> >
> >
> >   
> >> But how many local wisps have been chosen to date?
> >> I bet Joe laura in NO got passed over without much consideration to him.
> >> Joe is on this list, let him chime in here.
> >>
> >>     
> >>> Second, the cities are mostly going to use 2.4 GHz for access and
> 5.7-5.8
> >>>       
> > GHz for backhauls. WISP's will need to use 5.25-5.25 GHz and 900 MHz.
> >   
> >> Almost every wisp today is using 2.4 to reach the customer and 5 gig for 
> >> infrastructure and high end customers. Are you saying that wisps have to 
> >> move off the existing spectrum and replace their equipment?
> >>     
> >
> > I am not saying that WISPS have to move off of 2.4. I am saying that if
> > WISPs want to provide top quality service, then they may need to move off
> of
> > 2.4 as it is getting crowded in lots of areas.
> >   
> >>> In a word, service. The city will only be offering WiFi access-period.
> >>>       
> > They won't be going out to peoples houses and doing installs, fixing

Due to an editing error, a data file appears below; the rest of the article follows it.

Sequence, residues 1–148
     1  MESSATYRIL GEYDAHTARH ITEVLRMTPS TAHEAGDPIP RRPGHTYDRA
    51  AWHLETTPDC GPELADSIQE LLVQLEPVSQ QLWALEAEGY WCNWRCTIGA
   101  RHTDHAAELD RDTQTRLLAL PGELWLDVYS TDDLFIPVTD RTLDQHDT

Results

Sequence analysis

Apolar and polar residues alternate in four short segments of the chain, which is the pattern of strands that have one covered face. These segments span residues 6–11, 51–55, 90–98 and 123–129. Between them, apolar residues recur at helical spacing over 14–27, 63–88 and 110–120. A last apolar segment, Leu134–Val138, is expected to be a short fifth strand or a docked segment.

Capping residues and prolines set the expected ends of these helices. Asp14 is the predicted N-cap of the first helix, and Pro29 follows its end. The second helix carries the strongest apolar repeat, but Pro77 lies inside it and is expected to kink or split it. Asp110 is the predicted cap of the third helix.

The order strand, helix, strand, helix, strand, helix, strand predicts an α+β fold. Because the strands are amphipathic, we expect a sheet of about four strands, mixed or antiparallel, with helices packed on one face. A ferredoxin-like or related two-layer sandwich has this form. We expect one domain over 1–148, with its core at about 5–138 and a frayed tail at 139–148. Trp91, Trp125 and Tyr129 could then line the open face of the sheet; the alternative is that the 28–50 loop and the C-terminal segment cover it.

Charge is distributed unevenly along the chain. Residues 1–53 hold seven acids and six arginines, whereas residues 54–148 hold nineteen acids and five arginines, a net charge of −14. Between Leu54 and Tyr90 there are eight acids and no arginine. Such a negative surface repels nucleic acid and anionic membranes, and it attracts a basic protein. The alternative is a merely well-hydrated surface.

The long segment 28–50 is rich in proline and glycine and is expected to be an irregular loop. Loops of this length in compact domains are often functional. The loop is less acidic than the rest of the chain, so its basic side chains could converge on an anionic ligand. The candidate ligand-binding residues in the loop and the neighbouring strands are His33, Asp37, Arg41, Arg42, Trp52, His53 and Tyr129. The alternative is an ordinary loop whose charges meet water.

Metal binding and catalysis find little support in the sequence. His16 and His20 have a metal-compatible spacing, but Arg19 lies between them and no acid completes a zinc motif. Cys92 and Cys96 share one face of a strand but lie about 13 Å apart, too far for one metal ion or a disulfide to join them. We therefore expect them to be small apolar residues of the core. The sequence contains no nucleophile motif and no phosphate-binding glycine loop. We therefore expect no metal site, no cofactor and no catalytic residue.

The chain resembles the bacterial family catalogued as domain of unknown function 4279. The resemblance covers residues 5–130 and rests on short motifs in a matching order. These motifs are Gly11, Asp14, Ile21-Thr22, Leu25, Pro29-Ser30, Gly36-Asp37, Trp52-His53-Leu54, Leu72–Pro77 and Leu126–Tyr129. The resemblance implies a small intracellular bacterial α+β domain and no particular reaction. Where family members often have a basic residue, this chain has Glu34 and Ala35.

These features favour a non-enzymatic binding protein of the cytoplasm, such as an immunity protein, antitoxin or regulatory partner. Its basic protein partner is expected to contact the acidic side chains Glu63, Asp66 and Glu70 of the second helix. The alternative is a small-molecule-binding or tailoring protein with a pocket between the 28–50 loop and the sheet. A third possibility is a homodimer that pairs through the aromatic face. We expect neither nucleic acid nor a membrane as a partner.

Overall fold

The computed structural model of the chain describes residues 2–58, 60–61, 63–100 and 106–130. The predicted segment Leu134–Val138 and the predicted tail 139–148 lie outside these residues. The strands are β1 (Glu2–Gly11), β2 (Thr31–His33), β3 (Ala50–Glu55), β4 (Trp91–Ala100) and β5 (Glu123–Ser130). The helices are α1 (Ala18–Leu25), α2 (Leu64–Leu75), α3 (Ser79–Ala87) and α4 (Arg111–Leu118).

> virii,
> > doing firewalls, etc.
> >   
> >> Here is a scenario, if a potential customer who is on the fence while 
> >> deciding to go to broadband was to hear that a new muni free wifi system 
> >> is going to come on line or he can buy now with his local wisp, which 
> >> choice is the average consumer going to make?
> >>     
> >
> > Most are going to try the muni first. Some are going to be unsatisfied and
> > will look for a better deal. I'll give you an example. I had 384k SDSL to
> my
> > house and it was costing me $152 per month. In order to save money, I
> > dropped the SDSL in favor of a cable modem. The cable modem can do 6 meg
> > down and about 384k up for $43 per month and has been verified by
> > DSLreports. Even my wife thinks the SDSL was better, I just couldn't
> afford
> > it anymore. If someone in Antioch CA were even offering wireless service
> at
> > $42 per month, I would be there. There is a subset of people that want
> > quality, and are willing to pay for it. Two questions come up-can you
> > deliver and are there enough to keep you from starving?
> >
> >
> >
> >   
> >> The support scenario happens long after the fact.
> >>
> >> George
> >> -- 
> >> WISPA Wireless List: wireless@wispa.org
> >>
> >> Subscribe/Unsubscribe:
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> >>
> >> Archives: http://lists.wispa.org/pipermail/wireless/
> >>
> >>     
> >
> >
> >   
>